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Best Before Labels To Be Scrapped

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Best before labels reach their sell-by date in food waste crackdown

The "best before" dates on food packaging are set to be scrapped in a drive by ministers to stop millions of tonnes of perfectly edible produce being thrown away each year.

Bread would carry much simpler labels where potential risks of food poisoning would be minimal New guidelines are expected to be unveiled which will provide better information for shoppers and make them far more reluctant to chuck out food before it is even opened, potentially saving households hundreds of pounds a year.

The Sunday Telegraph has learned that the coalition wants an end to the confusing proliferation of instructions on food labelling which have greatly expanded over the past decade.

Instead of marking food "best before" a certain date, retailers will in future have to produce labels which give details of the health risks associated with individual foods that remain on shelves or in the fridge for a lengthy period before being consumed.

Prawns and eggs, for example, would be more likely, under the new guidelines, to carry detailed warnings of potential risks of food poisoning if they were eaten after a certain date.

Bread, however, where risks would be minimal, would carry much simpler labels.

In particular, ministers are targeting "best before" and "sell by" labels, which they blame in particular for food being thrown away while it is still perfectly fine to eat. Some sort of "use by" dates, however, are expected to be retained.

A coalition source said: "Staples like mushroom and tomatoes are routinely marked 'best before' when all that happens when they reach these dates is that the food loses a bit of colour or goes a bit soft. We cannot carry on simply throwing away tonnes of food like this."

Households in Britain dump 8.3 million tonnes of food and drink a year most of it ending up in landfill, according to the Waste and Resources Action Programme (WRAP). The programme estimates that more than 5million tonnes of this is edible.

Dumped food each day in Britain includes 5 million potatoes, 4.4 million apples, a million loaves of bread and a million slices of ham, WRAP estimates.

Wasting food is thought to cost the average family with children £680 a year - with households throwing as much as a quarter of all their food and drink purchases.

Critics have also placed part of the blame on supermarkets offering "buy-one-get-one-free", multi-buy deals known as BOGOF offers.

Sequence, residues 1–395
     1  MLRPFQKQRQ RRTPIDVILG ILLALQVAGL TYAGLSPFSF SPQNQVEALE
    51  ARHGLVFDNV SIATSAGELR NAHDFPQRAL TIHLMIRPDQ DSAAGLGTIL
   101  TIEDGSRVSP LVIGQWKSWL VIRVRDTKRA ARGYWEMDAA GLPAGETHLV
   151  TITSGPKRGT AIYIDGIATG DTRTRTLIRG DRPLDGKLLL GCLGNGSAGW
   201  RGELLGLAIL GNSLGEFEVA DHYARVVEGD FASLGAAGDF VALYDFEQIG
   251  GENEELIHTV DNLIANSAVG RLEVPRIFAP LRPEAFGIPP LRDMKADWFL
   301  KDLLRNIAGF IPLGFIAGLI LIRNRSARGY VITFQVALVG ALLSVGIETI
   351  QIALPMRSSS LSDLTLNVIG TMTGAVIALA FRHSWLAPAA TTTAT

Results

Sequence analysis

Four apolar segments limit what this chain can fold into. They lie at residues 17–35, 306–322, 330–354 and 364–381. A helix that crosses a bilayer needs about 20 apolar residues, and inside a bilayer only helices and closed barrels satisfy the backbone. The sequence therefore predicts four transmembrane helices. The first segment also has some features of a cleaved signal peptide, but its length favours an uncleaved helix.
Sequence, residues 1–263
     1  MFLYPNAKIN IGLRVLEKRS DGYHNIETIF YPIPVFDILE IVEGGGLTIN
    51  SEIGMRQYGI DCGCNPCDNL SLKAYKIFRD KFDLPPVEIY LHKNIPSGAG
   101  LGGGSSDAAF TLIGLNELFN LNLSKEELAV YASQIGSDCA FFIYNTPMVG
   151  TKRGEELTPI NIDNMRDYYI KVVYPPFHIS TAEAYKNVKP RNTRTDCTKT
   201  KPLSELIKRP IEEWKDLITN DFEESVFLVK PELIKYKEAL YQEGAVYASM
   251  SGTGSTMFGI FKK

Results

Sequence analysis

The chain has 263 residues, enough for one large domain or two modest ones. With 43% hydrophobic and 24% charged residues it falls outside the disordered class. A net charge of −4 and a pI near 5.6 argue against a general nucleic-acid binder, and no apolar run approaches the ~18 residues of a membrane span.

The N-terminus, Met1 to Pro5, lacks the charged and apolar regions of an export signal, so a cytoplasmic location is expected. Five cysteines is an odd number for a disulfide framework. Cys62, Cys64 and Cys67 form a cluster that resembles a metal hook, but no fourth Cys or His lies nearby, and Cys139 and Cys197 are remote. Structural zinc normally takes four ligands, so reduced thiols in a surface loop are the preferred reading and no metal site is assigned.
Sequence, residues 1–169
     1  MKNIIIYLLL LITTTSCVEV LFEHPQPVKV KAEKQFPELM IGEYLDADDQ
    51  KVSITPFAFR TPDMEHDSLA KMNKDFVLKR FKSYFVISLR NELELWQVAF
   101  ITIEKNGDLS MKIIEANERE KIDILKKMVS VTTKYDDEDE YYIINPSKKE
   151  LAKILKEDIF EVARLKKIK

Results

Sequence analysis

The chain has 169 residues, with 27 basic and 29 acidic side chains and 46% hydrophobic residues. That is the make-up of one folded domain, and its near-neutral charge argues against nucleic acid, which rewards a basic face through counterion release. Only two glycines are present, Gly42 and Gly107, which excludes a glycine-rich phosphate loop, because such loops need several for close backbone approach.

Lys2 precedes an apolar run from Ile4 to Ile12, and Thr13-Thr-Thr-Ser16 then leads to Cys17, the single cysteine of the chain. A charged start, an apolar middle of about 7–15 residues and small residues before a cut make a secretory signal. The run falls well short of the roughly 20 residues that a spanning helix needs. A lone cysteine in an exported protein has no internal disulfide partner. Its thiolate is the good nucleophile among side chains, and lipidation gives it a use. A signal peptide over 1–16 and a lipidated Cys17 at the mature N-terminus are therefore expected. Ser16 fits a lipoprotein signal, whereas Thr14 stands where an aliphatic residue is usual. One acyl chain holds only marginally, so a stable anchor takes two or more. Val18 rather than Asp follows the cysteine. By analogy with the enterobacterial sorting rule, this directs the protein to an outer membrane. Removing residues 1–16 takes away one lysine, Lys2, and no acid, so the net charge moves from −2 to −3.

The Local Government Association has also complained that deals on products with a short shelf life, including fruit and vegetables, mean shoppers throw away large amounts.

http://www.telegraph.co.uk/foodanddrink/foodanddrinknews/8455887/Best-before-labels-reach-their-sell-by-date-in-food-waste-crackdown.html

Good news for supermarkets? No need to reduce the price of items approaching their best before or use by dates?

We just have to pay more for something that might not be edible and that is supposed to save food?

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Good news for supermarkets? No need to reduce the price of items approaching their best before or use by dates?

We just have to pay more for something that might not be edible and that is supposed to save food?

Replacing "best before" and "sell by" labels with a "use by" label also means they get to keep them on the shelves for longer. So a win for the supermarkets.

Having said that, the amount that people I know throw away because it is a day over its "best before" date is appalling. So it's a win for the environment too.

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Why do carrots, potatoes, onions and the like EVER get prepacked anyway? Is there really best before dates on toms and mushrooms?

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Why do carrots, potatoes, onions and the like EVER get prepacked anyway? Is there really best before dates on toms and mushrooms?

and why do half a dozen potatoes from the supermarket sprout within a week, yet I had some home growns took them 6 months.

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Why do carrots, potatoes, onions and the like EVER get prepacked anyway? Is there really best before dates on toms and mushrooms?

i have seen them pre pack bananas here

whats the point making a massive fuss over banning plastic bags when the bags make up less than 5% of the plastic from a trip to the supermarket.